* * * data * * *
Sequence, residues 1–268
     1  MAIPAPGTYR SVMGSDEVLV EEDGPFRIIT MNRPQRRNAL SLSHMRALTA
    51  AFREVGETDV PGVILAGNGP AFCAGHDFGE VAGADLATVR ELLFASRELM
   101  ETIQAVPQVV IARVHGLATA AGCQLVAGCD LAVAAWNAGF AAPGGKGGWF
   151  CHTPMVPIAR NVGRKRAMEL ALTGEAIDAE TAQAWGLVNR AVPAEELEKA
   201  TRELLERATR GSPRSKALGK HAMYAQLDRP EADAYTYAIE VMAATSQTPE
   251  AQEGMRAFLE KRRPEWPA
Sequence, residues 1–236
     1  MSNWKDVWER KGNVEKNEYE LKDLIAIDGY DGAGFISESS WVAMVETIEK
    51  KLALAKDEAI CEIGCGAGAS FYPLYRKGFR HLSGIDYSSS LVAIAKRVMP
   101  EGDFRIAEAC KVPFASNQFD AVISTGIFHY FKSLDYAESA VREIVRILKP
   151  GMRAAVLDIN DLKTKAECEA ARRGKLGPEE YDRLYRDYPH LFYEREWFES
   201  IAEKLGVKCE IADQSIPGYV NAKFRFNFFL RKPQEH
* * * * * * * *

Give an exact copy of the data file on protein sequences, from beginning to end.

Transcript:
Sequence, residues 1–268
     1  MAIPAPGTYR SVMGSDEVLV EEDGPFRIIT MNRPQRRNAL SLSHMRALTA
    51  AFREVGETDV PGVILAGNGP AFCAGHDFGE VAGADLATVR ELLFASRELM
   101  ETIQAVPQVV IARVHGLATA AGCQLVAGCD LAVAAWNAGF AAPGGKGGWF
   151  CHTPMVPIAR NVGRKRAMEL ALTGEAIDAE TAQAWGLVNR AVPAEELEKA
   201  TRELLERATR GSPRSKALGK HAMYAQLDRP EADAYTYAIE VMAATSQTPE
   251  AQEGMRAFLE KRRPEWPA
Sequence, residues 1–236
     1  MSNWKDVWER KGNVEKNEYE LKDLIAIDGY DGAGFISESS WVAMVETIEK
    51  KLALAKDEAI CEIGCGAGAS FYPLYRKGFR HLSGIDYSSS LVAIAKRVMP
   101  EGDFRIAEAC KVPFASNQFD AVISTGIFHY FKSLDYAESA VREIVRILKP
   151  GMRAAVLDIN DLKTKAECEA ARRGKLGPEE YDRLYRDYPH LFYEREWFES
   201  IAEKLGVKCE IADQSIPGYV NAKFRFNFFL RKPQEH